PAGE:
An intriguing aspect of the cell membrane that provokes study is lipid-anchor enrichment of lipidated proteins on the cell membrane. Specifically, recent in vitro studies involving the enrichment of Ras proteins were done to see how enrichment was affected by changes in membrane curvature. These studies demonstrated the Ras protein’s inclination to the expanded, or outer, leaflet of highly curved membranes. Other research done in vivo, however, provoked further inquiry into Ras protein behavior, since when highly curved protrusions were created in living cells, Ras proteins showed affinity for the inner leaflet. This inspired research to determine the exact mechanism (e.g. tension, curvature, lipid diffusion tendencies) affecting Ras protein spatial localization. Since mutated Ras can initiate uncontrolled cell division (cancer), this research would allow for deeper understanding of the mechanisms of the Ras protein, in order to inhibit uncontrolled signaling and binding to the cell membrane. A molecular level mean field density functional theory, discretized in space and encoded in Fortran, was used to create multiple types of model membranes and calculate the relative densities of the N-Ras protein as a function of membrane curvature, tension and concentration of lipids in the outer leaflet . The hypothesized belief was that Ras proteins adsorb to the inner leaflet more with increased tension and concentration of lipids in the outer leaflet in vivo since these factors would significantly increase the concentration of lipids in the outer leaflet; results instead proved that it is moreso the diffusion of lipids from the inner to the expanded leaflet of curved membranes that could drive a shift in the lateral pressure fields to allow more Ras protein enrichment in the inner leaflet, as seen in the in vivo experimental studies.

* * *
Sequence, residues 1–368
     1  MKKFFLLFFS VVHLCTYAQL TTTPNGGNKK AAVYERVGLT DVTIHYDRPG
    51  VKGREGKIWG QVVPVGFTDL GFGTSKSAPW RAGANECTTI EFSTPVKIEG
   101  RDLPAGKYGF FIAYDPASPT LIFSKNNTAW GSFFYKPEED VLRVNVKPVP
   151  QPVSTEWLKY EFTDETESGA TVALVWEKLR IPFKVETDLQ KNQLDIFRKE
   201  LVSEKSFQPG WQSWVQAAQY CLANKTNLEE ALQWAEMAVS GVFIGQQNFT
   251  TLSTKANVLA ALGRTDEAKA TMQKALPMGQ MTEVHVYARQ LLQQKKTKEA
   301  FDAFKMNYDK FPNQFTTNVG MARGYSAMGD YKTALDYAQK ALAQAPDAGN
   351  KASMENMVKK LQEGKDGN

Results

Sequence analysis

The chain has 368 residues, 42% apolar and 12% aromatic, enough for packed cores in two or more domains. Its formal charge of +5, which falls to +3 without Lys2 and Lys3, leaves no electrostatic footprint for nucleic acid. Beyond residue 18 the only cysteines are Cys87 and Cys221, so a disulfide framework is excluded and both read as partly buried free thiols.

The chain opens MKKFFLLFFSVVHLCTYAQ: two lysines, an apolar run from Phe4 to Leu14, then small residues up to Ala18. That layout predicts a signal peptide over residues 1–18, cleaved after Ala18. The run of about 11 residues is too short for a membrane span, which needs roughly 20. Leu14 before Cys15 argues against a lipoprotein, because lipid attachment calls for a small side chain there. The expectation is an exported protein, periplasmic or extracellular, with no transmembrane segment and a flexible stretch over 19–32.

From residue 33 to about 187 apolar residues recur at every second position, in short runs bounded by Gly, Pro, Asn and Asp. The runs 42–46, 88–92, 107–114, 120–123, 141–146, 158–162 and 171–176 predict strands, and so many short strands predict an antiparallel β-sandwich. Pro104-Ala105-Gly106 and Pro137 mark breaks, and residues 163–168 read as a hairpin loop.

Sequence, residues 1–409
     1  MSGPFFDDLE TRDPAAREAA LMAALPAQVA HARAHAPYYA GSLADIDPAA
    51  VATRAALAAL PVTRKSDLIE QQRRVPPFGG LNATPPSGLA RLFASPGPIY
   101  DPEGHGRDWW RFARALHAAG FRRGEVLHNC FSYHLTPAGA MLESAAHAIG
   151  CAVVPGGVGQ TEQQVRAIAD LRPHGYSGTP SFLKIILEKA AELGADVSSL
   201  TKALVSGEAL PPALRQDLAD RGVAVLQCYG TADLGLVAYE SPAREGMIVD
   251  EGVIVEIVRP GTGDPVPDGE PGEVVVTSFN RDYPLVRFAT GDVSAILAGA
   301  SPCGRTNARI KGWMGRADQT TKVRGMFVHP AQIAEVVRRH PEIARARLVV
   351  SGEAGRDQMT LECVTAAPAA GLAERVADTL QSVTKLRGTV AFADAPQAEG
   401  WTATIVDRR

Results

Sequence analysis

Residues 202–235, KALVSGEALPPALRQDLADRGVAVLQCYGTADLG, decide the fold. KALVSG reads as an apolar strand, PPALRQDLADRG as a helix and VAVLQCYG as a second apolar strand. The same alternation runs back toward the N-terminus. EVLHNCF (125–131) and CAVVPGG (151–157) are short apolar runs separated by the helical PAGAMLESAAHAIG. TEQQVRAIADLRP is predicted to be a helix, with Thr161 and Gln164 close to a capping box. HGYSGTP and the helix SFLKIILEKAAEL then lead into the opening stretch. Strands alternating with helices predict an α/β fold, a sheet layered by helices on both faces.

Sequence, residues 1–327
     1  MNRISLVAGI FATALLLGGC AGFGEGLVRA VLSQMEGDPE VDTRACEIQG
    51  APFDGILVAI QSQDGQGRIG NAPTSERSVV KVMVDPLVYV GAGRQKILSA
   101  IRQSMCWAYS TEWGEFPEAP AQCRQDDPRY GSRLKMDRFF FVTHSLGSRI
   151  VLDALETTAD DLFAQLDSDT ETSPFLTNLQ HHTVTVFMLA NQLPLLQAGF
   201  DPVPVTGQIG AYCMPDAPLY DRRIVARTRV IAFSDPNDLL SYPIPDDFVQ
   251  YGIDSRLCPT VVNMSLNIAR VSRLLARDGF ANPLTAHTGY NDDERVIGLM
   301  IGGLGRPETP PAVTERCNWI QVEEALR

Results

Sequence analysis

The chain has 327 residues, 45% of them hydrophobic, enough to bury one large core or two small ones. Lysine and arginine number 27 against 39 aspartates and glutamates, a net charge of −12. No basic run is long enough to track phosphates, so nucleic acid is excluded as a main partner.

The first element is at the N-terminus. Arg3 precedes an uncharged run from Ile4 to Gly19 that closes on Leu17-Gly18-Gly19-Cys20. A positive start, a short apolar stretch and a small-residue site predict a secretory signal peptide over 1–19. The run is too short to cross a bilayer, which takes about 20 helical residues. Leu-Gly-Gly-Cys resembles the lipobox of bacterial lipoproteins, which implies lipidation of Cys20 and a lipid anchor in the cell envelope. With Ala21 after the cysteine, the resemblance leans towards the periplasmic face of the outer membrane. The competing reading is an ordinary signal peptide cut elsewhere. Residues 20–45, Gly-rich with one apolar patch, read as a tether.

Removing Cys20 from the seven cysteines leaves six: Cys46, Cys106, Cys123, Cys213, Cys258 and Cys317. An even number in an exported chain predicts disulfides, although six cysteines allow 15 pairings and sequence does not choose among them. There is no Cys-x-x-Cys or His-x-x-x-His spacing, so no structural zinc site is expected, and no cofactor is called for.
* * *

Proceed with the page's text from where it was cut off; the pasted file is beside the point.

"The Effects of Tension, Curvature, and Lipid Diffusion on the Enrichment of Ras Proteins in Model Membranes,"
Journal of the South Carolina Academy of Science: Vol. 15
, Article 14.
Available at: https://scholarcommons.sc.edu/jscas/vol15/iss2/14